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Taming the Monkey Menace

ISP Delhi Bureau 

With shrinking forest cover and loss of the natural habitat for animals, the national capital suffers from the menace of monkeys so much that there have been news reports of ministerial documents gone missing due to monkey attacks in office. Gul Khan is the monkey chaser of the city who is helped by his partner langur in helping offices stay safe from monkeys. 

Photo courtesy : Frontline/The Hindu

He inherited the business from his forefathers. He has also trained his siblings and around half-a-dozen cousins in the art of chasing away the monkeys. With changing times and rules, the cousins upskilled their talent and they are today the most sought after in the country. Belonging to the Qalandar community with their family sufi deity in Haryana, the group of monkey chasers earlier lived in a slum area in Paharganj area. 

Gul Khan, now a resident of Khajuri Khas area in East Delhi shot to fame when he was featured extensively during the Commonwealth Games. Those days he was in contract with the Press Trust of India in New Delhi along with his langur friend Kundan Singh and was doing a roaring business in chasing away the monkeys from the Parliament Street head office. His work came to a standstill when the use of langurs was banned in 2012. The business of the langurs chasing monkeys in India was no more viable.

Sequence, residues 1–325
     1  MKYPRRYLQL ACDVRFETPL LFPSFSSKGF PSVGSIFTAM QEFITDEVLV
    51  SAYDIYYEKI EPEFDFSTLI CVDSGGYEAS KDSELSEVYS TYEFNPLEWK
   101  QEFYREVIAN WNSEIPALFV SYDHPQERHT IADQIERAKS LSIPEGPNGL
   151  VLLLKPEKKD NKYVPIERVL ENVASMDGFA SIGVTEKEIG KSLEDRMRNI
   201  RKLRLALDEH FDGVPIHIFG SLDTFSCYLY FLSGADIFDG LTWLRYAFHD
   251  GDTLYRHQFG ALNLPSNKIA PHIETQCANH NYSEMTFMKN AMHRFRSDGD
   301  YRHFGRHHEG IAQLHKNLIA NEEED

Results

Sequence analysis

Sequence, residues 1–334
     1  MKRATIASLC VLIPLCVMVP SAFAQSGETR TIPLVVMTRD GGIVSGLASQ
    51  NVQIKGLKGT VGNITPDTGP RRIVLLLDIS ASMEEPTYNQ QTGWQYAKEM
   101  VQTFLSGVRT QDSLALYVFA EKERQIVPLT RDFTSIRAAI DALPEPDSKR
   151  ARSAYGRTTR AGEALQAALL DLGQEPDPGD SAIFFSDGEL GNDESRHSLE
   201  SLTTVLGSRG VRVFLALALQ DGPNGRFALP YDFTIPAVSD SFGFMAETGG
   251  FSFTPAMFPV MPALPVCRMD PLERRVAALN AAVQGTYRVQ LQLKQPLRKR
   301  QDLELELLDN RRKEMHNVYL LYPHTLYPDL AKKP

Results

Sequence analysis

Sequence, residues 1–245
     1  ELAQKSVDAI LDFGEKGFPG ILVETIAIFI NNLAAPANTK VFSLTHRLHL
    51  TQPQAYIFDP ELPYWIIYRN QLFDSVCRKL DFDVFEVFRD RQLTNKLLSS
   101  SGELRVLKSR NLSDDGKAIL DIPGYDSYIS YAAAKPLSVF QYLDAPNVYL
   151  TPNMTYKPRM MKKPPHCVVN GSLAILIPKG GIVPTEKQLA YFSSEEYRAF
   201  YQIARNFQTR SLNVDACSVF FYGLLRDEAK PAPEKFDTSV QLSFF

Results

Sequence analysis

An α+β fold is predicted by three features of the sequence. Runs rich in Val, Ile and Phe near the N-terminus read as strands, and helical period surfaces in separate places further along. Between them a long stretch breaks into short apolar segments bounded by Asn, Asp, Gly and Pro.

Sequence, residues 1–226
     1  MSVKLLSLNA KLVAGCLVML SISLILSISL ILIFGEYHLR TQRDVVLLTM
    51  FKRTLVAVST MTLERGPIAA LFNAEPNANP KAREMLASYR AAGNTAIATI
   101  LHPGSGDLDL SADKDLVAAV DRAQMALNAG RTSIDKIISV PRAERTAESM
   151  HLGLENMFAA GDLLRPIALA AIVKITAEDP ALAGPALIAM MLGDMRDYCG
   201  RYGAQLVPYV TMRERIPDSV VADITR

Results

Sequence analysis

Photo courtesy: Frontline/The Hindu

With langurs no longer allowed to be accompanied, Gul Khan evolved his skills and they learned to simply mimic the langurs and produce their voice to scare away the monkeys. And it worked. Gul and his family members have been effective in justifying their job of protecting offices and people. They have been proved more productive than trained dogs, scare guns and electronic devices like high frequency sounds which have been tried by various institutions over this period of time. 

The 2012 ban on langurs made life difficult for Gul and his family. They were rendered jobless but they chose not to handover their tamed langurs to the zoo authorities instead they freed the apes to the nearby jungle area to let them live freely. Gul and his family members freed six langur companions to the jungle. They were named Mangal Singh, Mangali, Lajwanti, Kundan Singh, Pawan, and Anjali and the news of this made newspaper headlines. 

The high-pitched and sharp sounds produced by Gul Khan are enough these days to scare away monkeys from schools, offices and ministries in the New Delhi area. Gul Khan is in high demand. His services are sought by high offices including the Prime Minister’s Office, the Ministries of Finance, Commerce and External Affairs, the Rashtrapati Bhavan, and the NITI Aayog among others.

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